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There is a canonical correspondence between some Greek and Roman gods and goddesses, for example Ares and Mars. However, these two were originally different deities: Ares represented rage in war and Mars was also a god of agriculture, to mention a difference. My question concerns pairs of Greek and Roman gods like this, which were originally different but were later identified. This excludes Apollo(n), as this god seems to have been always the same, not identified later between the two mythologies.

What is the first written identification of a Greek and Roman god? How does the identification manifest itself? Is it explicit ("We call it Iuppiter, they call it Zeus"), is it a Greek story retold with Roman names, or something else? An unattested identification is also fine if it is referenced by a later source.

After months without an answer, I asked this question also on the mythology site.

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I don't know if this is the oldest, but from Dionysius of Halicarnassus's Roman Antiquities 2.34 (first century BCE):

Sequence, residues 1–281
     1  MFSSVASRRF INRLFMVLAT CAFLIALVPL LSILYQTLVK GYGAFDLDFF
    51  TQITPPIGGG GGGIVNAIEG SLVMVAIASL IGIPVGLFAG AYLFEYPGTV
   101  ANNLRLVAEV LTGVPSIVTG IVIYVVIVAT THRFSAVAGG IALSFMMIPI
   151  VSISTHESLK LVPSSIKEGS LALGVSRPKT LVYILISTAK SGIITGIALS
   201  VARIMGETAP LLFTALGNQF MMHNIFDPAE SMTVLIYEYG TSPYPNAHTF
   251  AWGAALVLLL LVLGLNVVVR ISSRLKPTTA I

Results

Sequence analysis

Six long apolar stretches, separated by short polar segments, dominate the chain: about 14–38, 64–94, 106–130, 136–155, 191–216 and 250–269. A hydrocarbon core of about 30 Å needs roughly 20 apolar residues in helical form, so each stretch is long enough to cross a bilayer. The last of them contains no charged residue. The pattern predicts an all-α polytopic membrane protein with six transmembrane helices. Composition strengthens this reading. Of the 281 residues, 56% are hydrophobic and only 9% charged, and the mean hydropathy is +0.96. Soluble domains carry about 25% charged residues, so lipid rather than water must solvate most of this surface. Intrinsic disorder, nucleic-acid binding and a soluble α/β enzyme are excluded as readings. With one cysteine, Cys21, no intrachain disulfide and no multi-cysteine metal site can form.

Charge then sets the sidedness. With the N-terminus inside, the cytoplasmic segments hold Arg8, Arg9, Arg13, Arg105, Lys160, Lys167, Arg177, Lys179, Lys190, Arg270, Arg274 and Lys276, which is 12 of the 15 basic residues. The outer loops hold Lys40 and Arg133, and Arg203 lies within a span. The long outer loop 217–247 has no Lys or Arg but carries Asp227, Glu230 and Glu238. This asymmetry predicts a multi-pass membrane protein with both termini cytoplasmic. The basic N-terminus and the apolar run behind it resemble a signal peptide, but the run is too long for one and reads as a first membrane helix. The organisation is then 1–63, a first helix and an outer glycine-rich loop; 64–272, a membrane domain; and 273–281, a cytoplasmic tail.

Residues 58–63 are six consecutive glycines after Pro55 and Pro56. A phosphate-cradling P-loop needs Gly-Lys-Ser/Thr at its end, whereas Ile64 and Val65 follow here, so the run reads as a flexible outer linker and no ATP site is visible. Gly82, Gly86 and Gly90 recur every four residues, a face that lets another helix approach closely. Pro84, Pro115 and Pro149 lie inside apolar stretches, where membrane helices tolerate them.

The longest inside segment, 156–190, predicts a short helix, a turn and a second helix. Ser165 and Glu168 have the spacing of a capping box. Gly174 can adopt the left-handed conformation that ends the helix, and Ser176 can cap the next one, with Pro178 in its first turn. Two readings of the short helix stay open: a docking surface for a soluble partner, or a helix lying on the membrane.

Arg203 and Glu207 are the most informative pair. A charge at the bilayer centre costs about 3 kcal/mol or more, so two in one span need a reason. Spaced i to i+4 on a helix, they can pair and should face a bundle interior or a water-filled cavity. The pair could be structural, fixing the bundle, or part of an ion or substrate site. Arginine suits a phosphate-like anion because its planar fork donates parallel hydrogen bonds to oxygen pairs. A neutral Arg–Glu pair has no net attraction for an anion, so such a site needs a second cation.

Μετὰ δὲ τὴι πομπήν τε καὶ θυσίαν νεὼν κατασκευάσας ὁ Ῥωμύλος ἐπὶ τῆς κορυφῆς τοῦ Καπιτωλίου Διός, ὃν ἐπικαλοῦσι Ῥωμαῖοι Φερέτριον, οὐ μέγαν (ἔτι γὰρ αὐτοῦ σώζεται τὸ ἀρχαῖον ἴχνος ἐλάττονας ἢ πέντε ποδῶν καὶ δέκα τὰς μείζους πλευρὰς ἔχον)

Then, after that triumph, and the sacrifice, Romulus built a new temple to Zeus (whom the Romans call "Feretrius") at the top of the Capitoline Hill. It wasn't very big—the old foundations still survive, and the longest side is less than fifteen feet long.

(Translation mine.)

This was the Temple of Jupiter Feretrius, the oldest temple in Rome, where the spolia opima were brought after a war. According to Nepos, it fell into ruin sometime before Caesar and was rebuilt by Augustus.

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